So, being from out of town, Uncle charlie presents his relatives with gifts. For his niece, he has a beautiful ring, even has a real stone on it. As she is fawning over it, she notices that it bears an inscription. This gives her a clue that her uncle may be a criminal. It happens that as uncle is reading the newspaper, he slyly makes a paper house out of it, craftily tearing out an article. Niece wonders what it might have been, that he so desperately wanted them not to see. She goes to the library, and finds the article, about a murder of rich widows. The initials on the ring match one of the victim's names!

Not the usual role for Joseph Cotten! My 2nd time with this one.



GUILTY BYSTANDER (1950) I don't know how I forgot to record this one! I had to watch it on TCM's streaming service. Ex-cop Max Thursday (Zachary Scott) whose son is missing is sought by his ex-wife, hoping he can find him. Full of twists and turns, and the villain behind it all: Never saw that coming!

A 1st viewing for me! not great, but not bad, either.
 

Guttersnipe

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Mystic River (2003). Man, was that an emotional roller coaster! The denouement made me a nervous wreck for the rest of the night. Strongly recommended as long as you can tolerate unexplained coincidences.
 

Jeffbert

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FOR YOUR EYES ONLY 1981 - How many times I would catch this on tv---and bail out after the title song. I never bothered watching the movie. Finally I have. And I would agree with those who rank it with The Spy Who Loved Me as the two best Moore films. I am not a James Bond fan--I find that the romance antics tend to derail the movies most of the time (OHMSS being an exception) and some of the humor but in this case I think it mostly succeeds in being a more serious and focused spy adventure. There are a couple of things that bother me but overall-the action scenes were great--the ski stuff, the underwater sequences, and the cliff scene! I always dread seeing those spikes being drive into rock and wondering how anyone would trust that to hold you up.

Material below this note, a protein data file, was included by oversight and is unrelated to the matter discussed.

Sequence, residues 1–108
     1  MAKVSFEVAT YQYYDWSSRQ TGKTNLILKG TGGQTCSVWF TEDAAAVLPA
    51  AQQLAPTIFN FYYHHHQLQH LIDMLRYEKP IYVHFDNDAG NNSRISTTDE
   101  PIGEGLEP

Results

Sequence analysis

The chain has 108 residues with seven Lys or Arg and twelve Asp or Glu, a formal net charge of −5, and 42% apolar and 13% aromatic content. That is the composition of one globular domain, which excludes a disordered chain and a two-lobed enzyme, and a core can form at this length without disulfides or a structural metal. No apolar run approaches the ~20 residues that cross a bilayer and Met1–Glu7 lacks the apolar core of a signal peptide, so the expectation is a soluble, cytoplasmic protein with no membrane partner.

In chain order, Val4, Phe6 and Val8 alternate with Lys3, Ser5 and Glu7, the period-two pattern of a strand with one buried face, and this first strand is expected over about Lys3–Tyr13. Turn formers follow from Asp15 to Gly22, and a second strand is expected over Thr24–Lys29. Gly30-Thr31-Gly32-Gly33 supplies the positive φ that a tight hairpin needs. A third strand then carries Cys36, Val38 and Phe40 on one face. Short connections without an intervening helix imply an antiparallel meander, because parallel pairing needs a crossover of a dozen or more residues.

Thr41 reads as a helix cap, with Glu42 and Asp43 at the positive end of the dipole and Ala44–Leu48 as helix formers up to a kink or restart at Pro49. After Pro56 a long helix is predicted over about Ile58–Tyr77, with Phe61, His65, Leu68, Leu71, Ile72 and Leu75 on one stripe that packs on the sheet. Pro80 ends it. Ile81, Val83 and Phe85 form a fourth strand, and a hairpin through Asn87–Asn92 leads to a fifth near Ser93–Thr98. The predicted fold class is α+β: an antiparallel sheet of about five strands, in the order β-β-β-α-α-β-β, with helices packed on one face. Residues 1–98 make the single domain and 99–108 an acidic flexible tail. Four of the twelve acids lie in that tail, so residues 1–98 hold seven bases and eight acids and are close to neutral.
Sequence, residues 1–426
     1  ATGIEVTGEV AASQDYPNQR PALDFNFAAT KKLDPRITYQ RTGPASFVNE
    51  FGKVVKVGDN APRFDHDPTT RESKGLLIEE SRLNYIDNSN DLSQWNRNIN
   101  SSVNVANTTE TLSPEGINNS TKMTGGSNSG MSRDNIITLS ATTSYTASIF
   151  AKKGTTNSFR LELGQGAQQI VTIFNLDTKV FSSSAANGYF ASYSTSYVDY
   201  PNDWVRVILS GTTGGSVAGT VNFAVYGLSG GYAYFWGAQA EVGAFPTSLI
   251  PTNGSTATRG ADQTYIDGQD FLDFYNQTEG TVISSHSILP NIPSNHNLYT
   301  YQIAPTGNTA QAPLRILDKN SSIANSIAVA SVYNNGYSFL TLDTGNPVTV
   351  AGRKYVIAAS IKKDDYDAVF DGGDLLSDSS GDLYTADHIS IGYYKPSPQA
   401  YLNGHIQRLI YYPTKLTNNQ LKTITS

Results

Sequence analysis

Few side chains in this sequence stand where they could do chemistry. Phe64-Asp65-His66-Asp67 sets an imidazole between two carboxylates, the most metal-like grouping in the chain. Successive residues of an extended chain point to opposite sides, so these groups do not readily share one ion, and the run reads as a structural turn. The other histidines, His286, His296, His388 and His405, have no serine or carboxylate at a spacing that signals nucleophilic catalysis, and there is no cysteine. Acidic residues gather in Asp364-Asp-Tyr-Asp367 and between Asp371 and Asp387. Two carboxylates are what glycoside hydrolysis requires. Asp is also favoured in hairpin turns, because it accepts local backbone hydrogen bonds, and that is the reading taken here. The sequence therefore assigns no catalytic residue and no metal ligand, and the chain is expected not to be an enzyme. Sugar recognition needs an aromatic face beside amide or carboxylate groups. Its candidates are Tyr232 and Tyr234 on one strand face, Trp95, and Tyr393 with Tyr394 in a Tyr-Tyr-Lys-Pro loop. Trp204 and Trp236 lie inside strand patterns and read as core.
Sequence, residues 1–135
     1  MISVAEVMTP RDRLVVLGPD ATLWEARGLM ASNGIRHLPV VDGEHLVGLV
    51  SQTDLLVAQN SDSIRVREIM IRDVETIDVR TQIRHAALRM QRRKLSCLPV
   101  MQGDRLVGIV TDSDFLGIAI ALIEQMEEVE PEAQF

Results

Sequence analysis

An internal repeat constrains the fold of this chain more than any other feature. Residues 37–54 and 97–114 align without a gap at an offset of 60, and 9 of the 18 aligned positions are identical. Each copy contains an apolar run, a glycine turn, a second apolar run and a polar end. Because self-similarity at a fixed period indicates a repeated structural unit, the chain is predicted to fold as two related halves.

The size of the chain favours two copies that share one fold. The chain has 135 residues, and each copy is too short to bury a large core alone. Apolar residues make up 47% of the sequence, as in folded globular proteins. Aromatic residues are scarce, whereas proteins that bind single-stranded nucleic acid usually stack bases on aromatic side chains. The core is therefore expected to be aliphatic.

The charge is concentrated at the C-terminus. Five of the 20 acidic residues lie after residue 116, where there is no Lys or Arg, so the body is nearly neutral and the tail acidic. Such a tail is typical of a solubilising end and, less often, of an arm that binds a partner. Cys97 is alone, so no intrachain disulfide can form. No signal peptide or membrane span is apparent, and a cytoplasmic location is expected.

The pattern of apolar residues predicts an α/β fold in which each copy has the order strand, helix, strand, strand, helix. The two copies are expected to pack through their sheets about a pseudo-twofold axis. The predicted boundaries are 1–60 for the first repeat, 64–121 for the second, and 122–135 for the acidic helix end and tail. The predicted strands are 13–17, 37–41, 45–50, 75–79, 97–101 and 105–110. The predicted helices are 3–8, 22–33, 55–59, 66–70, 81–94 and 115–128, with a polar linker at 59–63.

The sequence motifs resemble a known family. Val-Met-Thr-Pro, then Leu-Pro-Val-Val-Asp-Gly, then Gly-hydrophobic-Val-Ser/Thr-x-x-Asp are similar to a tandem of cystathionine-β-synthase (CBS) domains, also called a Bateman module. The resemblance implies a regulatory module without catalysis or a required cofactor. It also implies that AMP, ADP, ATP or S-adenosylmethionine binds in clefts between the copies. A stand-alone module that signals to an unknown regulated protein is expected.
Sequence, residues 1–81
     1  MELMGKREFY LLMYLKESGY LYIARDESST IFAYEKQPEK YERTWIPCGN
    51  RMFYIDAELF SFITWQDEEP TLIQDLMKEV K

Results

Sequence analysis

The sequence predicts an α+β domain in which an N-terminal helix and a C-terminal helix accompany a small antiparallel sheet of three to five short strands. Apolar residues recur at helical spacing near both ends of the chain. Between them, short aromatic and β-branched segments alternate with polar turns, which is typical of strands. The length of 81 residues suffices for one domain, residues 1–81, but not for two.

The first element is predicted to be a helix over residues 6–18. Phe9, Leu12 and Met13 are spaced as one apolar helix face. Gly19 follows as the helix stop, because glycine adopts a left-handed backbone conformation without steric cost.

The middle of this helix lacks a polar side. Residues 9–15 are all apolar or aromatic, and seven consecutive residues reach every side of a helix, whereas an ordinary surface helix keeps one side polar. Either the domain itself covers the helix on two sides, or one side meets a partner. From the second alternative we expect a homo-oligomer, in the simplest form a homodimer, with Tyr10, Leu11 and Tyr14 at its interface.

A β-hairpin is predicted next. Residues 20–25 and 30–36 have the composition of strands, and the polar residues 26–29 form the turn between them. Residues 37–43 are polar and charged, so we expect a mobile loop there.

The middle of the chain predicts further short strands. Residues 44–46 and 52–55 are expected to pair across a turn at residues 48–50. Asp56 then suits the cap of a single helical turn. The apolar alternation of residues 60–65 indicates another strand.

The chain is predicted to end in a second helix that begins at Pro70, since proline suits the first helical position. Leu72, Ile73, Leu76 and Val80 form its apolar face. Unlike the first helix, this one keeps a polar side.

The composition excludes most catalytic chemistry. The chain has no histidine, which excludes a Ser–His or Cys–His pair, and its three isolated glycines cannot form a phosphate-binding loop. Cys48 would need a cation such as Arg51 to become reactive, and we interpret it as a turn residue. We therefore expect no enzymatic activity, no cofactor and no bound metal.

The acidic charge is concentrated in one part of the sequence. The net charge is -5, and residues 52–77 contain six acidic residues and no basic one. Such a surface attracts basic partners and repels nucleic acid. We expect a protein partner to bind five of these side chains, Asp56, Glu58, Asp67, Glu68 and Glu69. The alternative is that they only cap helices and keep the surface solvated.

James Bond: Forgive me, Father, for I have sinned.

Q: That's putting it mildly, 007!


WILLARD 1971 - A Bing Crosby production. It has been a long time since I watched this--I remember the sequel BEN more. It's intriguing that Spartacus composer Alex North did the music for this.
It feels less like a exploitation film and more of a 1950s-60s studio drama production. It's not really horrific--if AIP had made this it would have been more explicit. I found the theme was intricate in that Willard is a weakling and perhaps his father was as well--unable to stop the takeover by his stronger business partner. Willard gains power through his kindness to some rats, and before long he is given a small white rat as a familiar--and then a dark rat (Ben) shows up. They represent two sides of himself--the more docile side and the aggressive wild suppressed desires.
The ending suggests that Willard assumed he had found himself and gained lasting power but in fact he owed it all to the rats and Ben was there to punctuate that message. I have not seen the remake.

As much as I liked the original, I loved the R. Lee Earmy remake! RIP.
 

Victoria Silverwolf

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They Made Me a Fugitive (1947)

Gritty British crime drama. Ex-RAF man joins a gang of crooks, almost on a whim; he actually flips a coin to decide whether to join or not. He assists in warehouse robberies and the like -- the bad guys carry the loot off in coffins, since the ringleader runs a funeral parlor -- but draws the line at pushing narcotics. The ringleader frames him for the killing of a cop, but he escapes from prison and is out for revenge. Full of sharp, sarcastic dialogue and some intense violence; the ringleader doesn't hesitate to beat women up brutally. There's an odd subplot in which the escapee forces his way into a house, only to have the woman living there try to get him to kill her husband. Recommended.
 

Victoria Silverwolf

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The Eerie Midnight Horror Show (L'ossessa, 1974)

Also known as The Sexorcist, which gives you some idea of what this thing is like. (Other English language titles include The Tormented, Enter the Devil, and The Devil Obsession.) Young art student assists in removing a statue of one of the crucified thieves from a deconsecrated church. She has a vision of the statue coming to life (pretty decent scene, really) and having his way with her. She becomes sex-crazed, even making a pass at her father. Later she has a vision of some kind of Satanic ritual, in which the statue come to life (who seems to be Satan now) nails her hands and feet to a cross. She becomes fully possessed at this point, bearing stigmata, screaming a lot, etc. (Special effects are limited to having big dark circles painted around her eyes.) Eventually we get our big exorcism scene. (The first attempt at exorcism just ends up with her attempt to seduce the priest.) There's an odd scene early in the film in which the young woman's mother gets whipped with roses by her lover, thorns and all, drawing blood from her naked body. Her husband doesn't mind the fact that she has affairs, but disapproves of her masochism, blaming his daughter's condition on her kinkiness. Along with all this sleaziness, we've got some pretty dull stretches, too.